Lord Hain: Tom, could you say what you feel about where London, Dublin and Brussels are fitting into this and where the solutions could lie?
Dr Tom Kelly: I am not sure I have any magic solutions, but the mechanisms exist to resolve things. Going back to the Good Friday agreement, which you were very much part of, we have mechanisms north-south and east-west that allow dialogue to take place in a non-threatening way on an equal basis, and we can address issues that are faced by people on these islands collectively for the interests of all those people. The problem is that we are not using those institutions in that way to try to foster dialogue, to have any trickledown effect or to build good relationships among ourselves, whether the political entity be in Dublin, Belfast or London.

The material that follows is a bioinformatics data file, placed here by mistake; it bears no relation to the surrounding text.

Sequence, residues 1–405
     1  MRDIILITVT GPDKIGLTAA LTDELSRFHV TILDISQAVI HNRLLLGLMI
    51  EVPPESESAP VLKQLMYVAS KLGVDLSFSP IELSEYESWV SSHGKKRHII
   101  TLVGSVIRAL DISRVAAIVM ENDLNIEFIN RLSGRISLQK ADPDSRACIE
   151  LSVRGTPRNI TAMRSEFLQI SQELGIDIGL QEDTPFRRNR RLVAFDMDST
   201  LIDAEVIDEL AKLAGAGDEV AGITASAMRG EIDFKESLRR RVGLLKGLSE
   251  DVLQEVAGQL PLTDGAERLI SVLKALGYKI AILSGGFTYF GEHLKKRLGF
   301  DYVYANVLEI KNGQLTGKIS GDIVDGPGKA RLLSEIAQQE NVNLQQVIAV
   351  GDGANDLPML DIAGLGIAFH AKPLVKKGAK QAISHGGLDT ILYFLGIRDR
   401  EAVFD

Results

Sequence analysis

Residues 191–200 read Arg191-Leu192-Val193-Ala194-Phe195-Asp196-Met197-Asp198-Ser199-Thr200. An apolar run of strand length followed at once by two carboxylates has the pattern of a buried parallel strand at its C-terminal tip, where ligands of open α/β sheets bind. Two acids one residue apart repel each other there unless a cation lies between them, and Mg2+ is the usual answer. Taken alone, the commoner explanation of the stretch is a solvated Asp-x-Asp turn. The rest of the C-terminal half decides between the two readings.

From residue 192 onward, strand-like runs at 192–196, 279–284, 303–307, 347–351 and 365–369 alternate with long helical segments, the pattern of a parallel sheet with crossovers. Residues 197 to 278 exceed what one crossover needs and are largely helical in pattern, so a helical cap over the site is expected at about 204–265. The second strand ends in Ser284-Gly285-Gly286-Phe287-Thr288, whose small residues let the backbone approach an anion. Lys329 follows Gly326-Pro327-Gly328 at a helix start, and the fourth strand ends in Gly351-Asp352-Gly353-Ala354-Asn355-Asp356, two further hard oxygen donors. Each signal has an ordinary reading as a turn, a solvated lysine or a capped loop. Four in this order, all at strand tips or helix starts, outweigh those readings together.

Lord Hain: Sorry to interrupt. When you say we are not using them, could you explain that to us, please?
Dr Tom Kelly: Realistically, we have wasted a lot of time over the past 18 months where north-south institutions have not really been working to the benefit that they should have been. People were boycotting them; people were taking unilateral action. They were not calling them boycotts; they were getting their hair done or something on the day that they were meeting, so they could not meet. The bottom line is that those institutions are not being giving the status that was originally intended. They were meant to take the heat out of the animosity, build on better relationships and find mutual ground. That mutual ground deals with the practicalities of trade issues and business on one side, and issues of identity on the other.